Breakfast of Legends

The Mount Sinai Adolescent Health Center (MSAHC), a pioneer and leader in the treatment of adolescent-specific health services, will celebrate its 11th annual Breakfast of Legends benefit on Thursday, October 23, from 7:30 to 9 am, at The Plaza.

Funds raised at the Breakfast of Legends enable the MSAHC to provide free comprehensive health care—medical, mental, dental, optical, reproductive, and health education—to more than 11,000 adolescents from New York City and surrounding areas.

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Homemade, Health-Promoting Nut Milk (Recipe Included!)

Breast Cancer Awareness Month comes to us in October, a time when the cooling weather and change in seasonal produce lead us to reach for our favorite fall comfort foods. Spiced ciders, doughnuts, and pumpkin everything are a few of the season’s best indulgences, but as indulgences they should remain, or we’ll find ourselves entering the holidays with bloated stomachs and ill-fitting clothes.

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A Leader in Ophthalmology Joins Mount Sinai

James C. Tsai, MD, MBA, a world-renowned physician-scientist with a research focus on glaucoma, has been named President of New York Eye and Ear Infirmary of Mount Sinai (NYEE) and Chair of Ophthalmology of the Mount Sinai Health System. As President, Dr. Tsai says his main goals will be raising the visibility of NYEE to referring physicians, and ensuring that it is known as an international center of excellence in residency and fellowship training in ophthalmology and otolaryngology.

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Mount Sinai to Open Kidney Stone Center

A comprehensive outpatient Kidney Stone Center, which will offer patients new minimally invasive techniques and a holistic approach to prevention, will be the first of its kind in New York City when it opens this fall in two Manhattan locations.

The Center will be headed by Mantu Gupta, MD, who was recently named Director of Endourology and Stone Disease for the Mount Sinai Health System, Chair of Urology at Mount Sinai Roosevelt and Mount Sinai St. Luke’s, and Professor of Urology.

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Eye Safety Tips Over Labor Day Weekend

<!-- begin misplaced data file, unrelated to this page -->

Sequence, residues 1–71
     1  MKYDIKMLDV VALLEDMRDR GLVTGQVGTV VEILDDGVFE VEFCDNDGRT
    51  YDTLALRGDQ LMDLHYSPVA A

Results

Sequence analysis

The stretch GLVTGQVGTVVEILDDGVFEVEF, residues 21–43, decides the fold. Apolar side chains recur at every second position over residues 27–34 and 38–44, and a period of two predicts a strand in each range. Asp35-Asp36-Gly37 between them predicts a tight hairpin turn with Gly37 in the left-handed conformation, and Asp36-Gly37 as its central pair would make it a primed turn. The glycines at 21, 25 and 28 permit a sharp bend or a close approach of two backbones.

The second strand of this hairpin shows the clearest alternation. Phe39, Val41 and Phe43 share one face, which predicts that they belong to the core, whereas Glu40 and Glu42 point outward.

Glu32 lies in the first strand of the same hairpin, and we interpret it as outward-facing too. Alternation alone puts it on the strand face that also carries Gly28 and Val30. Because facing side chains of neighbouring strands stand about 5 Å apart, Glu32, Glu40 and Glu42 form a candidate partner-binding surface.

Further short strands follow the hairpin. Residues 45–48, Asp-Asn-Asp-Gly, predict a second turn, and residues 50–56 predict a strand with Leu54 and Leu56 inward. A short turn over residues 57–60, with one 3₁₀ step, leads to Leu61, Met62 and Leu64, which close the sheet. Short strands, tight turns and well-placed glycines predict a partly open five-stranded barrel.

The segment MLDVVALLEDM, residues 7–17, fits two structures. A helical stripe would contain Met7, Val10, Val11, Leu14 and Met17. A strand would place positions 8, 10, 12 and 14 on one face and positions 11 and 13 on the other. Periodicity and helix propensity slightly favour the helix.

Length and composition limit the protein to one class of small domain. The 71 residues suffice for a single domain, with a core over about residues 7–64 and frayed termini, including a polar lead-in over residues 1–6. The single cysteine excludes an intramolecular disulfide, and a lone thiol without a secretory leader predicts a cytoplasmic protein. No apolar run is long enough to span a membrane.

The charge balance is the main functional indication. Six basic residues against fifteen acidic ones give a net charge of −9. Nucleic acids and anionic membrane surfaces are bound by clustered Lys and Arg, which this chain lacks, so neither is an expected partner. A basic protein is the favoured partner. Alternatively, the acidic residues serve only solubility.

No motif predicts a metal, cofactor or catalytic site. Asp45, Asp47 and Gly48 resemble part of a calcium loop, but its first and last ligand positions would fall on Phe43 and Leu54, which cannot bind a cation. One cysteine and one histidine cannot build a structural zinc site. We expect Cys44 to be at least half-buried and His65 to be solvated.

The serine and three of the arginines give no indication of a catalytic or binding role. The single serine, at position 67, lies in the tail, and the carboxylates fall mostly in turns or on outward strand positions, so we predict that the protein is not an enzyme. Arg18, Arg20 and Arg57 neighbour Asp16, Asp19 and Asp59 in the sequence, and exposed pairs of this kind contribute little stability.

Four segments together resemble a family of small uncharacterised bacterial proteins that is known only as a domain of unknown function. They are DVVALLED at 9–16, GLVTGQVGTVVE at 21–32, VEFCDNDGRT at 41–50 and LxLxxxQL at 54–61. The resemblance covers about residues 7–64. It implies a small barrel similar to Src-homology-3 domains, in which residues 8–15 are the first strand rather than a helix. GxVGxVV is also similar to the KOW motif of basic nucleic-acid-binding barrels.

In the U.S., more than 9,000 fireworks injuries happen each year, with roughly 1 in 8 fireworks injuries harming the eyes. With Labor Day weekend celebrations approaching, Dr. Ronald C. Gentile, Professor of Ophthalmology and the Chief of Ocular Trauma Service at New York Eye and Ear Infirmary of Mount Sinai, wants to remind people of some eye health and fireworks safety tips.

“Common fireworks and sparkler eye injuries include burns, lacerations, abrasions, retinal detachment, optic nerve damage and ruptured eyeball,” says Dr. Gentile. “And children are frequent victims of these injuries. As many as 30 percent of eye traumas caused by fireworks impact kids.”

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“Medical Errors Are a Quiet and Largely Unseen Tragedy.”

“Every year between 210,000 and 440,000 Americans die as a result of medical errors and other preventable harm at hospitals, according to researchers.”

These numbers are equivalent to a jumbo jet crashing every day with no survivors. Based on these figures, medical errors could be considered the third-leading cause of death in America, behind heart disease (more than 590,000 a year) and cancer (more than 570,000 a year).

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“Doctors Overlook Lucrative Procedures When Naming Unwise Treatments”

It is always a good idea to talk to your primary care practitioner, the clinician who knows you best, about procedures suggested consulting physicians.

A Kaiser Health News article noted: “The medical profession has historically been reluctant to condemn unwarranted but often lucrative tests and treatments that can rack up costs to patients but not improve their health and can sometimes hurt them. But in 2012, medical specialty societies began publishing lists of at least five services that both doctors and patients should consider skeptically. So far, 54 specialty societies have each offered recommendations and distributed them to more than a half-million doctors.”

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“More than 5% … of U.S. Adults, Could Be Misdiagnosed during an Outpatient Visit …, and about One-Half of These Errors Had the Potential to Lead to Worse Outcomes for the Patients.”

A Modern Healthcare article reported on a studies which defined misdiagnoses as “missed opportunities to make a timely or correct diagnosis based on the available evidence.”

“One of the studies used in the analysis, published in March 2013 in JAMA Internal Medicine, identified nearly 70 different conditions for which misdiagnoses occurred in the primary-care setting, like pneumonia, renal failure and urinary tract infections. The other two focused specifically on cancer, including a retrospective study published in BMJ that used electronic health-record data to detect potential delays in prostate and colon cancer diagnoses; and a 2010 study in the Journal of Clinical Oncology, which evaluated whether EHRs could be good predictors of misdiagnoses in lung cancer.”

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